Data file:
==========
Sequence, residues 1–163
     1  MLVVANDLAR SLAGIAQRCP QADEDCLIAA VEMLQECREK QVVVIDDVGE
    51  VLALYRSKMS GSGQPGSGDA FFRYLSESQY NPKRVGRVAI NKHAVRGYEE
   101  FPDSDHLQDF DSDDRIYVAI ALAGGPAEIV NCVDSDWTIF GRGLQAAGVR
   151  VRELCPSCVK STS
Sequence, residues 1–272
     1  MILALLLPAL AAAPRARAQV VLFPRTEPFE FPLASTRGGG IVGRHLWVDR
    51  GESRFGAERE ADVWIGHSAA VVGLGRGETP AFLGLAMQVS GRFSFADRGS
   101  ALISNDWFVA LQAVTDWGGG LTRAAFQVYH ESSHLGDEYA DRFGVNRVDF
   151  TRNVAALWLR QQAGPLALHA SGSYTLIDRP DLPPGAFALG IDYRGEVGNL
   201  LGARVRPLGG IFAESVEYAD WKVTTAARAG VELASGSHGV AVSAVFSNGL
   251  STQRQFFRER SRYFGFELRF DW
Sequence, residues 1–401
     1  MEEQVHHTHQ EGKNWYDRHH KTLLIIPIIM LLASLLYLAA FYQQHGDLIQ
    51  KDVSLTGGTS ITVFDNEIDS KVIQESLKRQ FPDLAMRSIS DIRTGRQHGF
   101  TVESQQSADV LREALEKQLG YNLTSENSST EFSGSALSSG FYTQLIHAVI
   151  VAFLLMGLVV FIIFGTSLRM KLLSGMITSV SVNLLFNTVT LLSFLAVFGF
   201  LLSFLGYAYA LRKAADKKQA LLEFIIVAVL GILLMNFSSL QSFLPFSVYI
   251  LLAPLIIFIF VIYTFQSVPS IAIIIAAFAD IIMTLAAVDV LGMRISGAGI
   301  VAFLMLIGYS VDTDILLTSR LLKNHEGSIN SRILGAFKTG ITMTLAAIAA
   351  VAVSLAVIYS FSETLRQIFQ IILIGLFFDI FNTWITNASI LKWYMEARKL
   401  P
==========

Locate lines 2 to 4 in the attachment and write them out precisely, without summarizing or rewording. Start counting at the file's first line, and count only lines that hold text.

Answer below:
     1  MLVVANDLAR SLAGIAQRCP QADEDCLIAA VEMLQECREK QVVVIDDVGE
    51  VLALYRSKMS GSGQPGSGDA FFRYLSESQY NPKRVGRVAI NKHAVRGYEE
   101  FPDSDHLQDF DSDDRIYVAI ALAGGPAEIV NCVDSDWTIF GRGLQAAGVR